However, research has shown that the physically active have no more time then those who are inactive, says Biddle.
"It's a perception more than a reality, and probably reflects lack of interest, or having other priorities," he says.
The way to deal with this, he says, is to change your mindset, and perhaps ask a friend to commit to exercise too, so you can encourage each other.
The NHS recommends at least 150 minutes of moderate-intensity aerobic activity such as cycling or fast walking every week, or 75 minutes of vigorous-intensity aerobic activity such as running every week.
An equivalent mix of moderate and vigorous aerobic activity (for example two 30-minute runs plus 30 minutes fast walking a week) also meets the recommendations.
It's also important to plan exercise - make the decision to walk or cycle home from work, for example.
"Work it into your day so time is less of a factor," says Biddle. "You're going to have to travel home from work anyway, so try and make doing that active, if you can.
"Even a 10-minute stroll every day is better than nothing."
Too much effort
Going to the gym and pounding away on the treadmill requires a lot of physical effort, which Biddle acknowledges can be off-putting for many people.
"Some people perceive exercise quite negatively - but if you make the effort, you feel great for it," he says.
Gyms aren't for everybody - but there are plenty of other ways to be active.
"Previous generations were much more active than we are, and they got their exercise through walking, cycling and being physically active at work," says Biddle. "Unfortunately, we've lost most of that."
If you don't fancy the gym, try something you will enjoy, like gardening, he suggests, or exercise with other people so the social buzz makes it more enjoyable.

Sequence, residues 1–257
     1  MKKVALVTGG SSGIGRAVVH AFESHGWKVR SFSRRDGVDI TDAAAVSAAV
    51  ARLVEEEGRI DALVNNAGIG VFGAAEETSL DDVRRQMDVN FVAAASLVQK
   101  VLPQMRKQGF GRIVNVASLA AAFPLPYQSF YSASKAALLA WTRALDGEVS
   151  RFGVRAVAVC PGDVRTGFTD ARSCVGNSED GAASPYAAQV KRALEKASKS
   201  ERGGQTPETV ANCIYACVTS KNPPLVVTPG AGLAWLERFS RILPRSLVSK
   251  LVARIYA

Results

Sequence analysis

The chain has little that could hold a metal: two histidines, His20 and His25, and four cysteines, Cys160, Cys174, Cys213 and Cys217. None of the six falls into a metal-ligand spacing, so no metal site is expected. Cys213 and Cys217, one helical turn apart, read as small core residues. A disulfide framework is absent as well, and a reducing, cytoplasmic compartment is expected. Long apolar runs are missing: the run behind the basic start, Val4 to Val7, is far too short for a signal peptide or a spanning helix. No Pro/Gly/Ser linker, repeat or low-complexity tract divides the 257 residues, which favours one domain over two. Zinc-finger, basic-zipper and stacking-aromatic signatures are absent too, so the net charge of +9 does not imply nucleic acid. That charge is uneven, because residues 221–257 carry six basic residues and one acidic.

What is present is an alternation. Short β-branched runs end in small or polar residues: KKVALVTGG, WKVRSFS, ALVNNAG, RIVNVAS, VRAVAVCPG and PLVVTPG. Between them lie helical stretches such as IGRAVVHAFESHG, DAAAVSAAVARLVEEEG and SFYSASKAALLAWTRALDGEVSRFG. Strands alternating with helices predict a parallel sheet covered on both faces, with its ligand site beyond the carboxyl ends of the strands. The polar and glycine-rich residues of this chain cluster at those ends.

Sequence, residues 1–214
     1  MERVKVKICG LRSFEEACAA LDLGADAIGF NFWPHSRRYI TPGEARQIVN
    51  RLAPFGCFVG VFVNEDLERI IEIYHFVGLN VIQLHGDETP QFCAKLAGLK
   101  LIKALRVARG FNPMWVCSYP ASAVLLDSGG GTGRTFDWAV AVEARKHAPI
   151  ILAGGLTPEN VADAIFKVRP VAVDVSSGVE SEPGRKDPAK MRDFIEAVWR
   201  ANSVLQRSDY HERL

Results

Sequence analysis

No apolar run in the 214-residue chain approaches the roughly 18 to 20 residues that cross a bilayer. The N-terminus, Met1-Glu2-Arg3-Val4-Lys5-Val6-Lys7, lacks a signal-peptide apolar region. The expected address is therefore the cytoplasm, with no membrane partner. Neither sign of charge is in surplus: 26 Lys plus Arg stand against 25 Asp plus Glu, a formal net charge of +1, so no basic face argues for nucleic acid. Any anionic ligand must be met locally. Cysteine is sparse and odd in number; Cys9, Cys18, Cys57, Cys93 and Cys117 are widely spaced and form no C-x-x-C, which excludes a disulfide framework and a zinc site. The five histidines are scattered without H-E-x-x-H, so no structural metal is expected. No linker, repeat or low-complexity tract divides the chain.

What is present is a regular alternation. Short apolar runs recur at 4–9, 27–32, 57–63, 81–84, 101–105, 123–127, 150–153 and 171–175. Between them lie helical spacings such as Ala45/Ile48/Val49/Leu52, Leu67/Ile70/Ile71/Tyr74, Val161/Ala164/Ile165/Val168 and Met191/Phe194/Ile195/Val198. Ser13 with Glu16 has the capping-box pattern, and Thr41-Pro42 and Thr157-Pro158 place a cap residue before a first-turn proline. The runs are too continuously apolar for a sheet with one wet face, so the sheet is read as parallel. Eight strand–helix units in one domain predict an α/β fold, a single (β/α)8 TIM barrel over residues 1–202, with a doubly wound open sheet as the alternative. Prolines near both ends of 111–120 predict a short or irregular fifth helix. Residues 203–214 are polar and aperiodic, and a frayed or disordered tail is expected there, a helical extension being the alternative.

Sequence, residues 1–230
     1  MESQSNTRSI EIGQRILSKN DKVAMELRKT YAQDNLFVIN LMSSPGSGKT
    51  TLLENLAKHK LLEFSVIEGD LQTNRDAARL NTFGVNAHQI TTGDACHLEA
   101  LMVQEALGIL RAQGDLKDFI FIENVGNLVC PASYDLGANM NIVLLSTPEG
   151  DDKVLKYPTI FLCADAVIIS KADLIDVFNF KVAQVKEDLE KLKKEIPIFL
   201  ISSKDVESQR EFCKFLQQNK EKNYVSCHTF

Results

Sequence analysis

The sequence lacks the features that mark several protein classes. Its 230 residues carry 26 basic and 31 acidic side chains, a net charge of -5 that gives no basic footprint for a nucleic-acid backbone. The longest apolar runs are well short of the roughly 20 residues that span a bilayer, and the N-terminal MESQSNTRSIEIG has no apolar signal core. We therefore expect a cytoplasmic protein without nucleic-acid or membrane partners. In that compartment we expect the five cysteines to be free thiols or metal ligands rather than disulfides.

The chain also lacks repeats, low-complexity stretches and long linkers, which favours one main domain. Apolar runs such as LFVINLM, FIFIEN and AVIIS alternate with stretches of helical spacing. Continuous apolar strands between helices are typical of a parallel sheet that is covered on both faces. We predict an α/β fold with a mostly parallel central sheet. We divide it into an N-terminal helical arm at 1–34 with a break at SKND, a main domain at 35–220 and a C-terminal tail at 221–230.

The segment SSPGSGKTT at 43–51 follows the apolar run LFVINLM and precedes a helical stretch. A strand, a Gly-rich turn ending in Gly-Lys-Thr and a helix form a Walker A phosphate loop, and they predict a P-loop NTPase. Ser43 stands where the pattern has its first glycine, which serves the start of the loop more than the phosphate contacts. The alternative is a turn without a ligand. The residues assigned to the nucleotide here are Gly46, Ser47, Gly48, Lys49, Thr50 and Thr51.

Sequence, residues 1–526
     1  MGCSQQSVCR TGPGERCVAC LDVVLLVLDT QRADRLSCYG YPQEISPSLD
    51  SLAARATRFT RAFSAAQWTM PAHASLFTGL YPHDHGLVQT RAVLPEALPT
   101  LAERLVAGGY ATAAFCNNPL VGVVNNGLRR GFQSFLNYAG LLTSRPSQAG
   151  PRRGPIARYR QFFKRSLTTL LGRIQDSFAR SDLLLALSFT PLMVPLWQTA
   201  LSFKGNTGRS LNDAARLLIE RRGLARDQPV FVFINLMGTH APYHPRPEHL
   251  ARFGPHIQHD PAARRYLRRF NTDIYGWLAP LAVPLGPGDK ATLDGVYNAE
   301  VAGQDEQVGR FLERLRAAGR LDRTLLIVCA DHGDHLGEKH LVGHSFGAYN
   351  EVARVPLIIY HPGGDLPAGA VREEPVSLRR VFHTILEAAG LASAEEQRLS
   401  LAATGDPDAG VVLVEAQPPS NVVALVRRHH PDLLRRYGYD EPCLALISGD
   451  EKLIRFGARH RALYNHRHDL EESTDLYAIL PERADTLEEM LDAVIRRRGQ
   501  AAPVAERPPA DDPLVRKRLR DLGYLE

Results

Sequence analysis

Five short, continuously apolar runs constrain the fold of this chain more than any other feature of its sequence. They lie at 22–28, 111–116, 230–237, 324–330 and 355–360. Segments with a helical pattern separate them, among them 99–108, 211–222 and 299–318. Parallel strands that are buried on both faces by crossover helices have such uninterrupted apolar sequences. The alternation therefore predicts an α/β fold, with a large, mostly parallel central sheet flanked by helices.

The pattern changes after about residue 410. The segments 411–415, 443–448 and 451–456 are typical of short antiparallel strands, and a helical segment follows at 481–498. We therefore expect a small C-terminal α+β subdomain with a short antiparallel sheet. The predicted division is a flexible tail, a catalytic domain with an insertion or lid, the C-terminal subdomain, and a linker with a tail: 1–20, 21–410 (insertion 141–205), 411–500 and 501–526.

Aches and pains
Some people avoid exercise because they don't like the idea of being in pain, both during and after working out. This fear - whether real or imagined - can be a key factor in preventing people being active.
But Biddle points out that a specialist will be able to advise which exercises will be best for you.
Personal trainers are experienced in knowing what types of activities certain people should avoid, or do more of. This is especially important for people with existing medical conditions, such as muscular or arthritic problems for instance, or people recovering from injuries.
But even if you do have pre-existing physical problems, it doesn't necessarily mean you shouldn't exercise. In fact being active can be crucial to your recovery or long-term management of your condition - it's just a case of ensuring you're doing the right type of exercise.
Low-impact activities, such as swimming, are great exercise but with minimal risk of physical strain.
"There are conditions that may limit how much you can do, but if you get advice, you'll be able to improve your condition.
"Exercise is medicine," Biddle stresses.